According to the mainstream sports media, everyone can now forget about Duke’s men’s basketball team. Four losses in a row for the first time since 95-96 must mean that this year’s team will miss the NCAA tournament, and that Duke will be an “easy win” for Boston College (9 PM, ESPN).
The comparison to the 1995-96 team is actually a fair one, if based not on team expectations but on actual game results. While this years’ team came with guarded optimism (and a #12 preseason ranking), the 95-96 team was coming off the worst Duke season in fifteen years, and the last time the Blue Devils missed March Madness in Coach K’s tenure. The team led by Jeff Capel and Chris Collins was ranked for just five weeks all season, and went though a stretch where they (stop me if you’ve heard this before) lost four straight ACC games by a combined score of 22. Flashing forward eleven years, the Blue Devils are coming off four straight ACC losses by a combined score of 21.
Statistically speaking, this is the worst Blue Devil offense since the 1996 version, with an offensive efficiency of just 107 points/100 possessions. However, they combine this with an extraordinary defense- which, despite the struggles in conference, still sits at a raw efficiency of 89 points/100 possessions, which is substantially better than any team since the 1992 championship team (DE: 91) and the 1993 Final Four team (DE: 90). With only one opponent that has a superior offensive team left on the schedule (UNC), there is a chance that this team is the best, defensively speaking, that Coach K has ever had. You can see the stats for yourself here.
That’s performance though, and in an excellent blog post recently, Ken Pomeroy talked about the false relationship of achievement and performance. Teams that win a lot tend to forget all the things that they do poorly (see: offensive rebounding and the 2006 Blue Devils), and teams that do poorly are likely to lose focus in the areas in which they have superior achievement. It is crucial for tonight’s game that Duke remember its strengths, particularly the strength of its rebounding. In the first meeting in Cameron, both teams grabbed an extraordinary number of offensive rebounds: Duke’s 54.5% offensive rebounding rate was the highest of the season, and its 59.6% defensive rebounding rate was the lowest of the season. While the Duke game was a season low-point for BC’s defensive rebounding, its own offensive rebounding (that is, 40.4%) was a simply average performance.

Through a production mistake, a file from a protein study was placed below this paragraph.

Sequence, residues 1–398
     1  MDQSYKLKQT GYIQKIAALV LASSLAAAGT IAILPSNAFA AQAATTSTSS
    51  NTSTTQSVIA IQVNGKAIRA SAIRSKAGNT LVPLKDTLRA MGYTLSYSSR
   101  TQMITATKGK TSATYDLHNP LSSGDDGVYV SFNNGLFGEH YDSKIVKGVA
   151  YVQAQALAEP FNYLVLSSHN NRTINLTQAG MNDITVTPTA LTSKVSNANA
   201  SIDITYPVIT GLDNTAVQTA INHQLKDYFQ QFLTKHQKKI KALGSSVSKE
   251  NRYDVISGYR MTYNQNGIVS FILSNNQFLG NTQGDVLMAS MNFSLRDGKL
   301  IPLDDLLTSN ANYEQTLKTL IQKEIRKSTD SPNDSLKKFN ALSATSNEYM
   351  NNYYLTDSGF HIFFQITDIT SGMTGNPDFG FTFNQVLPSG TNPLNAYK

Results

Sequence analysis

What this should suggest, given the nature of statistics to tend towards the mean, is that a more average effort on both boards should be expected from Duke tonight. More crucial to Duke, believe it or not, is grabbing defensive rebounds. Duke’s offensive efficiency is more highly correlated with its defensive rebounding than its offensive rebounding.
Duke failing to rebound as many of its misses as in the first match-up should lead to one obvious effect: a quicker pace. This would seem to favor Boston College, since Duke’s games have shown a much slower pace. However, pace does not seem to accurately predict the efficiency of Duke’s offense this season. Efficiency, however, has clearly dictated wins and losses for Duke. Regardless of the tempo of the game tonight, Duke needs to execute, avoiding turnovers (this has been better since the VT game) and avoiding bad shot selection (a plaguing problem since the first BC game).
The individual match-ups of players will continue to favor Duke if Demarcus Nelson can find the rhythm he has been missing the past four games. According to the “points per possession played” metric measured at dbdhoops (kind of a plus/minus for basketball), Nelson has made the offense and the defense worse in the past four games. However, Duke probably cannot survive with Nelson on the bench tonight, as his containment of Sean Marshal (1 for 8 from the field), was critical to Duke’s home victory. Further, if Josh McRoberts continues his mission to be more assertive on offense (seen in the second halves of both the UNC and Maryland games), Duke’s offense should improve enough for the Blue Devils to win. It will be a close game, but BC’s “SuperFans” won’t be rushing the court- not because of the suggestion by a jackass reporter, but because Duke will be victorious. Duke, 75-65.